But hold on, what are those 4 digit income numbers in years 2011 and 2012? Yes indeed, those appear to be higher dividend income payouts. Granted, your 3 financial holdings are now only paying you $77.08 in 2012 as compared to $130.24 in 2008. But no worries, your other 27 holdings have been pulling the extra weight in the form of a consistent 6% annual payout growth rate. In fact, despite the magnificent dividend cuts that 10% of your portfolio faced, your income grew by an average rate of 4% a year over the 5 year period; for an ending yield on cost of about 3.67%. This hardly seems catastrophic given the enormity of the financial crisis.

Now let's add in that extra $5,000 that you are able to contribute each year. Perhaps you don't trust the financials anymore and decide to invest in your other 27 holdings:



  Initial Inv 2008 Div 2009 Div 2010 Div 2011 Div 2012 Div
27 DG stocks $27,000 $810.00 $1,008.60 $1,219.12 $1,442.26 $1,678.80
JPM $1,000 $33.78 $11.78 $4.44 $17.78 $25.56
WFC $1,000 $43.33 $16.33 $6.67 $16.00 $29.33
USB $1,000 $53.13 $17.97 $6.25 $13.28 $22.19
  Income $940 $1,055 $1,236 $1,489 $1,756

Notice that the dividend payouts for the 3 bank stocks are precisely the same as the table as above. However, while the dividends for the other 27 dividend growth stocks are calculated in the same manner as our first table, I added an additional $150 to years 2009 through 2012. ($5,000 * .03) I kept the same 3% yield and 6% dividend growth assumptions for simplicity. In reality, one would likely have been able to find much higher collective yields for these stocks in the 2009 - 2012 timeframe. Here we see that the dividend income keeps increasing, regardless of the severe financial stock dividend cuts. This should be expected, as we move from an initial $30,000 investment to a much more substantial $50,000 investment. This precisely demonstrates the power of not only dividend growth but also the value of contributing just a little bit more as one is able. The beginning yield on cost is around 3.1%, as described, while the ending YOC is about 3.5%; again fueled by a large assortment of growing payouts.

A final example might be for the bold: taking the annual $5,000 and reinvesting in the aforementioned bank stocks:



  Initial Inv 2008 Div 2009 Div 2010 Div 2011 Div 2012 Div
27 DG stocks $27,000.00 $810.00 $858.60 $910.12 $964.72 $1,022.61
JPM $1,000.00 $33.78 $47.12 $26.12 $135.48 $249.52
WFC $1,000.00 $43.33 $57.17 $35.68 $110.65 $255.25
USB $1,000.00 $53.13 $71.22 $39.27 $109.68 $225.51
  Income $940 $1,034 $1,011 $1,321 $1,753

Here you will notice that the dividend income provided by the 27 DG stocks is precisely similar to our first table. However, this time I used equal portions ($1,667) to invest in JPM, WFC and USB over the 4 year time period. It should be noted that I picked random prices in January of each year to determine how many shares a third of $5,000 bought. In total, I ended up with 217 shares of JPM, 290 shares of Wells Fargo and around 318 shares of USB; hence the $730 or so in annual income for these 3 stocks in 2012. In addition, as mentioned previously, I extrapolated the banks current dividend payout to include the 4th quarterly payment for 2012. Here we notice something somewhat off-putting. That is, while our income increases from 2008 to 2009, it actually declines from 2009 to 2010 despite an additional $5,000 contribution. Eventually, we end up with almost the exact same level of income in 2012 as we did with our second example. It's clear that moving forward the investment in the dividend growth stocks that didn't cut their dividend would provide more overall income. (Given that the three bank stocks grew their dividends at the same rate or a slower pass than the collective rates of the other 27) However, it's interesting to note that if the bank stocks increase their dividends more rapidly, say to 2008 levels and beyond, then reallocating capital to these stocks at a time when they were cutting their dividends could in fact lead to more eventual income.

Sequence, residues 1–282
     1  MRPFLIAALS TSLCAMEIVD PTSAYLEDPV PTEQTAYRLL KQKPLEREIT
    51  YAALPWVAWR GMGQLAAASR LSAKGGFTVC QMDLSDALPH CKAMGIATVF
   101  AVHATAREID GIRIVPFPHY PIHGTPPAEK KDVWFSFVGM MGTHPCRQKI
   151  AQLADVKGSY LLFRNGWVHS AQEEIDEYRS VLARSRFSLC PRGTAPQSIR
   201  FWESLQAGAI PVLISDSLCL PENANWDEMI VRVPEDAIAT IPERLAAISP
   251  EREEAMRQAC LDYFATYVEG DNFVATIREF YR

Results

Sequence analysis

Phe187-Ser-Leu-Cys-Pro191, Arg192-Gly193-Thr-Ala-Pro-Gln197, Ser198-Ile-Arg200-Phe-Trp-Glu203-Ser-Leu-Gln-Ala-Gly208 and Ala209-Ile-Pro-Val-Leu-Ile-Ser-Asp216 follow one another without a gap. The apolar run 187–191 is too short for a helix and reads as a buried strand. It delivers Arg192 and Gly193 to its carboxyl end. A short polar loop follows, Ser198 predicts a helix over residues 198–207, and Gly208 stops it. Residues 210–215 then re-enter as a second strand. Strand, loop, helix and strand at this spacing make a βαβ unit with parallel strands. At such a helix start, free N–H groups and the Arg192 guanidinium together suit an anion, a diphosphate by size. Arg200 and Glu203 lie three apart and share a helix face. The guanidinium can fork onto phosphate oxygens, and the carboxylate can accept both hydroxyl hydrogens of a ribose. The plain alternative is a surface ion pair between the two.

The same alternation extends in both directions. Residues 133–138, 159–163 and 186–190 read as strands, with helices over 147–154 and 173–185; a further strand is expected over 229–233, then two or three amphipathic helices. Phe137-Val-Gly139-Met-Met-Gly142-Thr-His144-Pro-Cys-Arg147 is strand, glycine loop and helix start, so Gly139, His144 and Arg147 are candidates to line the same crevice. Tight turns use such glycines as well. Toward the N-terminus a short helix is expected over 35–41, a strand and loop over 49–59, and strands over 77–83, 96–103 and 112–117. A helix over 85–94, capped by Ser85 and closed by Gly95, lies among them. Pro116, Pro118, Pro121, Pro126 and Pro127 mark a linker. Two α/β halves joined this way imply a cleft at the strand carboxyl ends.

Without question, there are a variety of simplifying assumptions provided in this example. Back-testing data, pin-pointing prices, using a short timeframe, not allowing for volatility, citing an imperfect 'yield on cost' measure and contenting that 10% would have been a reasonable financial income allocation comes to mind. However, even with these simple suppositions, I don't believe that this particular illustration is all that unreasonable for the average dividend growth investor. As far as the preliminary argument goes, I don't think "devastating" would be quite the right word to describe the financials impact on a dividend growth strategy. Perhaps a softer "momentarily impairing" would be more appropriate. In any event, the argument holds some weight but not overwhelmingly so. Perhaps I'm just embedded in my ways, but as a Dividend Growth investor I would take solace in the fact that 10% of my portfolio could melt down dividend-wise and just 3 years later I would still be making more income than I am today.

Disclosure: I am long PEP, PG, KO. I wrote this article myself, and it expresses my own opinions. I am not receiving compensation for it (other than from Seeking Alpha). I have no business relationship with any company whose stock is mentioned in this article.